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Young Woman Becomes National Symbol of Protests in Sudan

This article is written by a student writer from the Her Campus at FSU chapter.

In the past few months, Sudan has had numerous protests against its authoritarian president and government. The Sudanese people have not been deterred after months of no change, but finally, their efforts are starting to come to fruition with President Omar al-Bashir being forced out with a coup. While a coup was what put him in power in the first place, Omar al-Bashir has been in office for 30 years. Al-Bashir was in power during Sudan’s time of civil war that ended with the independence of South Sudan from Sudan. Sudan’s defense coordinator declared that the military will be taking over for a two-year transitional period and their current constitution will be suspended. Despite al-Bashir’s removal from power, the protests will continue until civilian leadership takes over according to The Sudanese Professionals Association.

Courtesy: The National

Amidst the protests, one figure has been gaining widespread popularity due to her inspirational leadership and love for her home during this time of turmoil. Her name is Alaa Salah and she is a 22-year-old architecture student. She travels around to different protests and gatherings to sing songs about revolution, read poetry, and chant in front of her fellow Sudanese people who also wish to see a change in their government. Twitter user Lana Haroun posted a picture of Salah on April 8 that went viral and earned attention not only for the protests in Sudan, but also for women’s rights. In the photo, Salah is standing on top of a car dressed in a traditional white toub and pointing towards the sky outside the presidential compound and army headquarters in Khartoum. The toub is worn by her and other women protestors and has become a symbol of freedom, strength and solidarity. Salah has said that “The toub has a kind of power and it reminds us of the Kandakas.” The Kandakas were queens who ruled 3,000 years ago in what is now Sudan.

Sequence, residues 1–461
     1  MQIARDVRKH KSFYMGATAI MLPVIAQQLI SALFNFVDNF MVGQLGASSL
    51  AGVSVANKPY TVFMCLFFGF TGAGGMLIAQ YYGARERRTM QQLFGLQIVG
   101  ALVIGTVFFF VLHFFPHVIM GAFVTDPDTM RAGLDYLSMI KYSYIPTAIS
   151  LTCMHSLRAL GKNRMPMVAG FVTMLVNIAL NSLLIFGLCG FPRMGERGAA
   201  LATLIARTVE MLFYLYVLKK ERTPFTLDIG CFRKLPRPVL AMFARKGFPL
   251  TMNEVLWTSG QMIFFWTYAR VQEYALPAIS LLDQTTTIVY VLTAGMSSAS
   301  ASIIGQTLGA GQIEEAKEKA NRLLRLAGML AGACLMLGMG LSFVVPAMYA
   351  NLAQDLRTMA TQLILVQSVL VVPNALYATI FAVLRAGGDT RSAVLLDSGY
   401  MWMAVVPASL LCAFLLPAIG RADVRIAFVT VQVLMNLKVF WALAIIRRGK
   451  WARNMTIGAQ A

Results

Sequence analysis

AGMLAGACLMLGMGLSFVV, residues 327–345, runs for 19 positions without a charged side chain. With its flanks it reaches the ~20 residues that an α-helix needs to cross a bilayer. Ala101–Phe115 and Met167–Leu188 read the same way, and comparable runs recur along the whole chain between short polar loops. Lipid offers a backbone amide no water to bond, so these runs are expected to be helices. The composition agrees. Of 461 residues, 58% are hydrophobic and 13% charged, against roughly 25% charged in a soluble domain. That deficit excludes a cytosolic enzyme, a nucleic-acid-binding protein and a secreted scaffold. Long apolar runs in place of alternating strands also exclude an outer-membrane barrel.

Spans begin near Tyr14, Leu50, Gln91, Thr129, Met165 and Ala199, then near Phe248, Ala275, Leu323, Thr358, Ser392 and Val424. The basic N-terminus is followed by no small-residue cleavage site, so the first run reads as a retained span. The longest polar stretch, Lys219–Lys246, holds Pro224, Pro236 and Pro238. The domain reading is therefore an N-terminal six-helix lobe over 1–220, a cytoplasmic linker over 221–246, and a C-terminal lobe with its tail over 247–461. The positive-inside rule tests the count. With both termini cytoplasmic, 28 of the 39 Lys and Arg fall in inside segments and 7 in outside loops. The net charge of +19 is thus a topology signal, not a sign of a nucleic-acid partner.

Courtesy: The Express Tribune

According to BBC News, 70 percent of protestors who worked to bring down the al-Bashir’s reign of power were women. Around 150 women were detained following the first wave of protests. Women are often targeted by the public order police in Sudan for “morality crimes,” how they wear their clothes and if their hair is exposed, usually resulting in stoning or flogging. There are currently many issues still regarding women’s rights, ranging from high child marriage rates to domestic violence to sexual harassment. Women in Sudan has been repressed for decades due to these public order laws dictating their education, dress, behavior and association. Salah has received numerous threats due to her willingness to lead at the front but she will not be deterred stating on Twitter, “I will not bow down. My voice can not be suppressed. Will hold Al-Bashir responsible if anything happens to me. #JusticeWillPrevail.” A line from her poetry that has stuck with many people summarizes what the protests are all about: “The bullet doesn’t kill. What kills is the silence of people.”

Literature major at FSU. Lover of Pinterest, books, a good cup of tea, and Disney.
Her Campus at Florida State University.